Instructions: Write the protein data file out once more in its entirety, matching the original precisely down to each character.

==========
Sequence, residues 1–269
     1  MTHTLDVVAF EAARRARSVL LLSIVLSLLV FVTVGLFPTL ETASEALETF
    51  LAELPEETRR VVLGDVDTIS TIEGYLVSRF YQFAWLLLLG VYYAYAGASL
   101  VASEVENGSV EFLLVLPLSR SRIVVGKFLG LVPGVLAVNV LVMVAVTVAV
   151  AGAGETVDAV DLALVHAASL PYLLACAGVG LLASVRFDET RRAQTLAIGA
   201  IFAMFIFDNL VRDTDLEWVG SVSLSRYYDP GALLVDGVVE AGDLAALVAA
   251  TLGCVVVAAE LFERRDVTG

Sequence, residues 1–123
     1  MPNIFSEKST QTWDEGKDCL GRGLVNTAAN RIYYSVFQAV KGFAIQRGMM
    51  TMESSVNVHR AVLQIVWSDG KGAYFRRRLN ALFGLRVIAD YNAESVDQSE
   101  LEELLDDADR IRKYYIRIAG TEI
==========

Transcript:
Sequence, residues 1–269
     1  MTHTLDVVAF EAARRARSVL LLSIVLSLLV FVTVGLFPTL ETASEALETF
    51  LAELPEETRR VVLGDVDTIS TIEGYLVSRF YQFAWLLLLG VYYAYAGASL
   101  VASEVENGSV EFLLVLPLSR SRIVVGKFLG LVPGVLAVNV LVMVAVTVAV
   151  AGAGETVDAV DLALVHAASL PYLLACAGVG LLASVRFDET RRAQTLAIGA
   201  IFAMFIFDNL VRDTDLEWVG SVSLSRYYDP GALLVDGVVE AGDLAALVAA
   251  TLGCVVVAAE LFERRDVTG

Sequence, residues 1–123
     1  MPNIFSEKST QTWDEGKDCL GRGLVNTAAN RIYYSVFQAV KGFAIQRGMM
    51  TMESSVNVHR AVLQIVWSDG KGAYFRRRLN ALFGLRVIAD YNAESVDQSE
   101  LEELLDDADR IRKYYIRIAG TEI